Square Peg, Round Hole



I have a loud friend.  She is so confident, so very direct.  I also have a quiet friend, who is so careful in all that she does that I simply cannot recall a time when she ran into even a touch of conflict.  My two friends are very different, which I believe helps create a certain dynamic in our little group.  Nobody has ever forced either of them to change; to merge into one similar, or superior, personality trait....well, not since they were children, at least.Because it seems that there is a pre-determined childhood mould into which we are expected to squeeze our babies, our toddlers, our children.  For some little ones, this squeeze will hardly be noticeable; perhaps a little extra control here, or a sprinkle of personality 'management' there.  But for others, the words 'square peg' and 'round hole' come to mind.  And as people, because let's not forget that that is in fact what our children are...when pushed into an ill-fitting and over-bearing corner, our little humans will inevitably either fight back or submit.For those that fight back, labels will start to fly...naughty...bad...out of control...and with these labels comes a shift in expectation.  A cycle begins, where we are led to believe the worst from our offspring; where we are told that they are 'rotten to the core' and that their behaviour is merely a mirror of their innate 'badness' and our corresponding 'failure' as parents.And for those who submit because they have learned that society values behaviour above thoughts and feelings; for the children who are correspondingly labelled as good...obliging...easy...my heart breaks.  It literally breaks.Because when we give in to external pressure; when we start to change our behaviour in order to better fit in with society's expectations of us, we start to give up on ourselves.  We start to give up on who and what defines us.  You see, these little people, the ones that we grew and birthed; these little people have selves as well.  And guess what?  Not all selves are the same.Little bean is a gentle bean.  She is a watcher, a waiter.  She will loose herself and go wild in the moment only once she has worked out exactly what that moment is about.  She trusts certain adults, most older children and babies, but she is wary of fellow toddlers.  And rightly so, as her confidence has been shaken by the snatching and hitting and screaming that she has witnessed at our local toddler group.  Toddlers are unpredictable and egocentric and there is a wealth of research to say that putting a group of thirty pre-schoolers together in a hot and cramped community centre hall is a far cry from nature's intention of childhood for our species.  So I totally understand why little bean plays mainly with mama at toddler group, and why she doesn't tend to approach or get close to the other children.  She asks to go and is happy there, but little bean's display of happiness in such a situation is rather different to little Jonny's display of happiness.The clincher here though, is little Jonny's parent, who says to me "Oh, isn't she shy", using the exact same intonation as you would use whilst saying "Oh, isn't she poorly."  Yes, my daughter is reserved today.  Just as your son is outgoing today.  Neither quality is good, neither quality is bad.  They are both just describing words for how each child is acting in this exact moment, on this exact day.  You see, I am careful not to pre-define little bean's future based on what she is today.  I suppose what it comes down to is really rather simple.  I want her to be herself and I am here to help support her in finding out who that self is today, tomorrow and in many moons from now.  With no judgement or prior expectations, it leaves a clean page onto which little bean can sketch out her own identity, under her own terms and with complete support.So today, little bean is a watcher, a waiter, but that's not to say that she will be that way tomorrow.  I too am a watcher, a waiter.  I love watching my daughter be herself in this moment.  I also love waiting to see who she will become when she is a bigger bean, because for me, at least, true mama-joy is letting go of external expectations and enjoying what has been gifted to me in the shape of my daughter...whatever shape that happens to be.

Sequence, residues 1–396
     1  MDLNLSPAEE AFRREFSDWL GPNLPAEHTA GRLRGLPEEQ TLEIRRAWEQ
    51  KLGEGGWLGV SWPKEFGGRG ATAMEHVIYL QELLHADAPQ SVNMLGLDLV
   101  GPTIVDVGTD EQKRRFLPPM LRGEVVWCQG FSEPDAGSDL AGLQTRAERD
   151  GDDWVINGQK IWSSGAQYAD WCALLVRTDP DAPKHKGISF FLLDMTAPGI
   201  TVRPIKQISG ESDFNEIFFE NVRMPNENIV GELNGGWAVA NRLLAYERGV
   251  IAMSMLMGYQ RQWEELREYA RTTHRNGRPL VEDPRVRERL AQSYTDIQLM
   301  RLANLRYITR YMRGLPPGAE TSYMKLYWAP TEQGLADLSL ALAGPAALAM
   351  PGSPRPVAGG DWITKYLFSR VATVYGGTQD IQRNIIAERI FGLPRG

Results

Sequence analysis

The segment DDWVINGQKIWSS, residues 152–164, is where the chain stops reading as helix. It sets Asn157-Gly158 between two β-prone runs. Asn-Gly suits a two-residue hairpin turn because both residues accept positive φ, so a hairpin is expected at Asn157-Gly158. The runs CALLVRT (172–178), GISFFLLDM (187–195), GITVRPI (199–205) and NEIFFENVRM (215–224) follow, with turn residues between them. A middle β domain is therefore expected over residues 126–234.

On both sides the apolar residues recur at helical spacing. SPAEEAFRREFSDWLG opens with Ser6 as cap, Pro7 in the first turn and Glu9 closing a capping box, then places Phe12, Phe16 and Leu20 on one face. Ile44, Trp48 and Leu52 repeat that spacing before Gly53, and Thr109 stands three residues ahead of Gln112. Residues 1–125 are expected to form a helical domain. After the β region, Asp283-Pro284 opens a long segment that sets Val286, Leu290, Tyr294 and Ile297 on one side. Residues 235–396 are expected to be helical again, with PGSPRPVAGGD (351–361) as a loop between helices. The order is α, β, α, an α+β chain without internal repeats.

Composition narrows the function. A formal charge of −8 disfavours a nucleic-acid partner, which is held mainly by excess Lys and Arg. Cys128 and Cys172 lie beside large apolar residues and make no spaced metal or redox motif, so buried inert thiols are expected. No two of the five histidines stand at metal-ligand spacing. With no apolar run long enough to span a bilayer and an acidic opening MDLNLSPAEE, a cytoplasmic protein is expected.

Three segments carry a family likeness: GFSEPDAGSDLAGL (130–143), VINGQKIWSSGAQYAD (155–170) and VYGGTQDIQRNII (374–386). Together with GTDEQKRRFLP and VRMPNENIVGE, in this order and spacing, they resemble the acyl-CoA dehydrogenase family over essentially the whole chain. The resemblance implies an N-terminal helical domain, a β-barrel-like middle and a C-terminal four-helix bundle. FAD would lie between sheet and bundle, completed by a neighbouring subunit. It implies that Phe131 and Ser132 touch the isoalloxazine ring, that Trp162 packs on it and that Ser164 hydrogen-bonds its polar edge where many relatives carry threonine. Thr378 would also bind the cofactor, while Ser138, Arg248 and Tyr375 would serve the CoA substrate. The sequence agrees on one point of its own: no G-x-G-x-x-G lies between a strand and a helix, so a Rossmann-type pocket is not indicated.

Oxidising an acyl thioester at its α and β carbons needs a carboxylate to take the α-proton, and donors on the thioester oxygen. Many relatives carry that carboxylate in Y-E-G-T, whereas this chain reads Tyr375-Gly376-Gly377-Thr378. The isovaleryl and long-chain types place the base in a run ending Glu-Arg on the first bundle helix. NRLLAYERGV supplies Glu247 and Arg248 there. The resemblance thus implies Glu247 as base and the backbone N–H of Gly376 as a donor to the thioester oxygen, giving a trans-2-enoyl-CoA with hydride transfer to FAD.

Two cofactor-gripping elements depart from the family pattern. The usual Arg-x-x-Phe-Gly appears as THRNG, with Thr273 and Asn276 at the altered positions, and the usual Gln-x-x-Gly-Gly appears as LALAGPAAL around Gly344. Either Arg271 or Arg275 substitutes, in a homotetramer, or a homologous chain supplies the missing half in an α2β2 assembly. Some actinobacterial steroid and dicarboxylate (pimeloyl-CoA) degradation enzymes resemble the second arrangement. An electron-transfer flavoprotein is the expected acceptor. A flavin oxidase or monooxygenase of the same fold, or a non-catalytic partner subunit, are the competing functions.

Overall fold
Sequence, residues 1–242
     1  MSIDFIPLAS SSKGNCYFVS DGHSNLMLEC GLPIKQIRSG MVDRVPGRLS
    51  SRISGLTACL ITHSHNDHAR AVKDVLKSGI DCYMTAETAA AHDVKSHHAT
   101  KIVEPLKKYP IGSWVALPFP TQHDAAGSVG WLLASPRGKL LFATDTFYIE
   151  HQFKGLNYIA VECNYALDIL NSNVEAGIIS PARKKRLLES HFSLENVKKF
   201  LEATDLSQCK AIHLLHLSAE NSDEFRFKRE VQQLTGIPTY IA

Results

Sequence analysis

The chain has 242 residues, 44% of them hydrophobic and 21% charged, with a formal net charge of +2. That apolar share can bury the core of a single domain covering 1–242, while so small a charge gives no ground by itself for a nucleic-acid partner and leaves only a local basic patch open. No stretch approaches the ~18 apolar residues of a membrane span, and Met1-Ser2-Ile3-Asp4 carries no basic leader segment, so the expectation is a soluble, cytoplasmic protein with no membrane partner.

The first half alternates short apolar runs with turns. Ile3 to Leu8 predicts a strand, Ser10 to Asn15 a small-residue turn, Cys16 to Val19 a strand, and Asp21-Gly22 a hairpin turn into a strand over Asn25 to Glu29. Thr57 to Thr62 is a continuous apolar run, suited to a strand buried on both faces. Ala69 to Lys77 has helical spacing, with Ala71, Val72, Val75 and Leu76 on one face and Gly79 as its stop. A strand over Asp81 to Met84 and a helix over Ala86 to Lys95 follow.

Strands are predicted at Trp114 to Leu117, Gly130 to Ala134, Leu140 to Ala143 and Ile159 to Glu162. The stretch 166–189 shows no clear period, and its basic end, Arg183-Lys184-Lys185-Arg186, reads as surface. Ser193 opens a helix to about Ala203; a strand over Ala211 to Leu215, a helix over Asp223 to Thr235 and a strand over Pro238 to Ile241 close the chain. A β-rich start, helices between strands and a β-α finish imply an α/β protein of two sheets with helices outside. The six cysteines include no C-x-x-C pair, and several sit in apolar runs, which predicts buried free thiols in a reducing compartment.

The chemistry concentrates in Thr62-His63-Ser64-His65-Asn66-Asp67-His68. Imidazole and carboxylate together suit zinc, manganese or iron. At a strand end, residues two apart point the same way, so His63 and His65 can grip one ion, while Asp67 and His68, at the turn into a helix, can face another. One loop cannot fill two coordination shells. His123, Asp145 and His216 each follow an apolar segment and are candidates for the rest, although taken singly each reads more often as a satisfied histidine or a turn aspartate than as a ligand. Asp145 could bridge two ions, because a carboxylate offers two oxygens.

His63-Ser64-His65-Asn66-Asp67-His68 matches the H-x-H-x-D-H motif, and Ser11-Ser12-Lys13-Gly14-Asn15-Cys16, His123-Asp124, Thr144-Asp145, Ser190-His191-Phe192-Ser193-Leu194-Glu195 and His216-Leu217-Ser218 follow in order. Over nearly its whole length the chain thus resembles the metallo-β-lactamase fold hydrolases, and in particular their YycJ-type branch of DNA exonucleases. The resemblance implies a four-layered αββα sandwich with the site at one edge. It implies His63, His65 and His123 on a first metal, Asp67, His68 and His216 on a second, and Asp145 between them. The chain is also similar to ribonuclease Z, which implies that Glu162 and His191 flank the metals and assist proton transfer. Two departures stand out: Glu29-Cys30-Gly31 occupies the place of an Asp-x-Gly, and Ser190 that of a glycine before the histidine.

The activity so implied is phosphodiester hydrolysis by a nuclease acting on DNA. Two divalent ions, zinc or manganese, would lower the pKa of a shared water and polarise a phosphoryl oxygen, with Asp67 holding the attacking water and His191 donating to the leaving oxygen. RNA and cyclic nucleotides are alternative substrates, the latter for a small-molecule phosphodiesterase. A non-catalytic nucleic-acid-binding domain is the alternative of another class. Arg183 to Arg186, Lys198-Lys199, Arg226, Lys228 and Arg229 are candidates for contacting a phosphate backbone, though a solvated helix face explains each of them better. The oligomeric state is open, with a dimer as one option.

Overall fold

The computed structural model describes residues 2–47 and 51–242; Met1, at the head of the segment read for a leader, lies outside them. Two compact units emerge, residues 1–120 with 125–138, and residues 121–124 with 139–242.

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2 comments:

  1. Yes yes yes! Why do people have this 'one-size-fits-all' view of children?! Thank you for the dose of common sense!

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    1. You are more than welcome!! So nice to hear from others with the same viewpoint - let's let our children truly 'be' themselves :-)

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